I am going to have to take a couple of weeks off from here for work. We are preparing for our District Attorney to announce whether or not the police involved in the shooting of Stephon Clark, an unarmed Black man, will be prosecuted. No one is expecting that they will be, so we are working on plans, programming, and support mechanisms for the trauma of this reality.
Studies backed by quantitative data demonstrate that people of color (particularly young people and Black men) are disproportionately killed by police. This is accurate and valid information. It is not my opinion. Regardless of how you feel about the how and why of those numbers, Stephon Clark was a young father, and it is tragic that his life was ended. Being shot at 20 times was not the appropriate response for what police suspected his was doing – breaking car windows.
I am sad. I am angry. And I am committed to being part of the solution. So I am focusing on that as we figure out what our role is as an institution in supporting our community and seeking change. No one should have to leave in fear of the people who are supposed to protect them.
The past few weeks at work have been particularly difficult. I work with a diverse group of people from diverse backgrounds with diverse opinions. This is one of my favorite things about this university and this city. I know where I stand on the issue of police brutality and I believe that accountability and transparency should not be optional. Look at all the scrutiny that public education is under. Everyone is all up in the business of educators. I do not believe that we should protect crappy educators. And as a publicly funded system, the public has a right to know what we are doing and how we are doing it. I do not understand why that expectation is not extended to our publicly funded police departments. It is easy to think of the long-term damage that occurs from poor teaching, but the damage caused by poor policing is the end of a life.
It’s been a hard year filled with difficult, tense, and uncomfortable conversations. There are people I work with who I have lost respect for, and there are people for whom I will now go to the end of the earth. I have been disappointed and let down by people’s lack of empathy and thoughtfulness more times than I can count, and I have spent a lot of days crying in my office with some of the women I am working closely with on these efforts.
Arguing with and calling out my white colleagues for their bullshit sucks, but I feel that it is my responsibility as a white person to hold other white people accountable. People of color should not bear the responsibility for constantly pointing out our problematic ways. I do not understand why it is so hard for white people (predominately) to accept that our experiences are not the only experiences on this planet, and that the system that we established and benefit from every day continues to destroy lives. I am not surprised that people do not care or that they find ways to blame the communities most affected by police violence, but it never gets less infuriating.
It took me a long time in life to feel comfortable talking about race and issues like police accountability. I did not feel confident in what I believed and I did not feel able to properly express myself against a dissenting opinion. I also know that it is an extreme entitlement that I got to decide when I felt ready to talk about these issues because the people affected by them never get a reprieve. They never get a break from the consequences of white supremacy. And I don’t mean Nazis. I mean the racist system built by white people to benefit white people. Being nice is not going to fix anything for anyone.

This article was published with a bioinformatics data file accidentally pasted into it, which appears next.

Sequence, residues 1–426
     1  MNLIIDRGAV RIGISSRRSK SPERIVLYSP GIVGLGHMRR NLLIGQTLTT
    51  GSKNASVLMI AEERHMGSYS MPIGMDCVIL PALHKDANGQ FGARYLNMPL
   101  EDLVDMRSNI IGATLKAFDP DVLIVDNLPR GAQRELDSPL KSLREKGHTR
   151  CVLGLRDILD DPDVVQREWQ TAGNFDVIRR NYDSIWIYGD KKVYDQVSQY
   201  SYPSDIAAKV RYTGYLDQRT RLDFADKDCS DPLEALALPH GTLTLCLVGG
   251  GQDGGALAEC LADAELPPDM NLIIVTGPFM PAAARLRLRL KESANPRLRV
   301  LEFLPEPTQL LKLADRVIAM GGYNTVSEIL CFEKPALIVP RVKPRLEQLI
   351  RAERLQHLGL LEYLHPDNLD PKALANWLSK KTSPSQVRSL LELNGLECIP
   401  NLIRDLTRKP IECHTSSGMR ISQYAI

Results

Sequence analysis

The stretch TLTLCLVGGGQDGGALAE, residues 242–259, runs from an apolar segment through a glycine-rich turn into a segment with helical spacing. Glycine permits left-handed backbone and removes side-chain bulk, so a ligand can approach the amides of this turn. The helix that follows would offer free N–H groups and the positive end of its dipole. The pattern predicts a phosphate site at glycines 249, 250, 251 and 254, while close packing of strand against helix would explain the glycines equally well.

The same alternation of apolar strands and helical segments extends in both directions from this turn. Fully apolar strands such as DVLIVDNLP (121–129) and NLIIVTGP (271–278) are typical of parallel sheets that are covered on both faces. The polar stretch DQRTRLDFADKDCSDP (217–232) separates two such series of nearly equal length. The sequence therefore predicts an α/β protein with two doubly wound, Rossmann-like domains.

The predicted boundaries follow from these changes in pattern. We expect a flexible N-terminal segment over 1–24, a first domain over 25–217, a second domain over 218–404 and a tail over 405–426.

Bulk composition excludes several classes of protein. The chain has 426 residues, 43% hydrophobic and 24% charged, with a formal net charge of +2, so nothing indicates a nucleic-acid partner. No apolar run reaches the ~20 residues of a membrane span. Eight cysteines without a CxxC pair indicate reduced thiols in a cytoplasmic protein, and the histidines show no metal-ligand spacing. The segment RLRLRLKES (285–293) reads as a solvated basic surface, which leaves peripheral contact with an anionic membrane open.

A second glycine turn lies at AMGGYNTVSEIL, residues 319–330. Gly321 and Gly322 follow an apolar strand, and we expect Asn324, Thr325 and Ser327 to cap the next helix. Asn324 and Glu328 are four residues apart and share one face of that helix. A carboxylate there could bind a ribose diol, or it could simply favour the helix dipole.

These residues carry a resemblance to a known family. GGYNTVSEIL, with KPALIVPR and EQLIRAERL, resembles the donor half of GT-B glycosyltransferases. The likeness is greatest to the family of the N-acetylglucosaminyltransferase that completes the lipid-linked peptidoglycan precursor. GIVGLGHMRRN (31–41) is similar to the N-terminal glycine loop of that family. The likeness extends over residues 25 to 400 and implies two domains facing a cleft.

I am on my second reading of White Fragility (there is a lot to process), and I really encourage all my fellow white people to read it with an open mind and an open heart. White people (me included) benefit from white supremacy every day. As the author notes, “racism is a structure, not an event.” It is easy to think we are not racist if we aren’t actively being racist to people, but that is not the only way that we participate in racism.
This effects all white people: liberals, progressives, conservatives, libertarians, ALL OF US. And we learn early and often that we are the universal experience. We are largely unable to even talk about race without losing our shit. Just ask someone what it means to be white or how they benefit from being white. Give it a go. I did this the other day with a male colleague who is loudly liberal and I was met with an immediate defensiveness about how he’s not racist and how he’s worked hard for what he has achieved. No one is criticizing your work ethic or the barriers you have had to overcome, but being white has not made the path harder.
We white folks more often than not choose segregation (ask someone about where the “good” schools are) and live in a world where our lives and experiences are constantly reflected back at us. I could rant all day about this, but I really encourage we the white people to all to read this book and think about the role we play in a structure that benefits us at the cost of everyone else. This book has given me a lot to think about and I have seen many of my own behaviors that I now see as problematic reflected back at me. We can all grown, learn, and do better.
Anyway, it’s just a lot right now and something has to give. Thanks for reading and I hope to be back soon. You can always catch me on the ‘gram.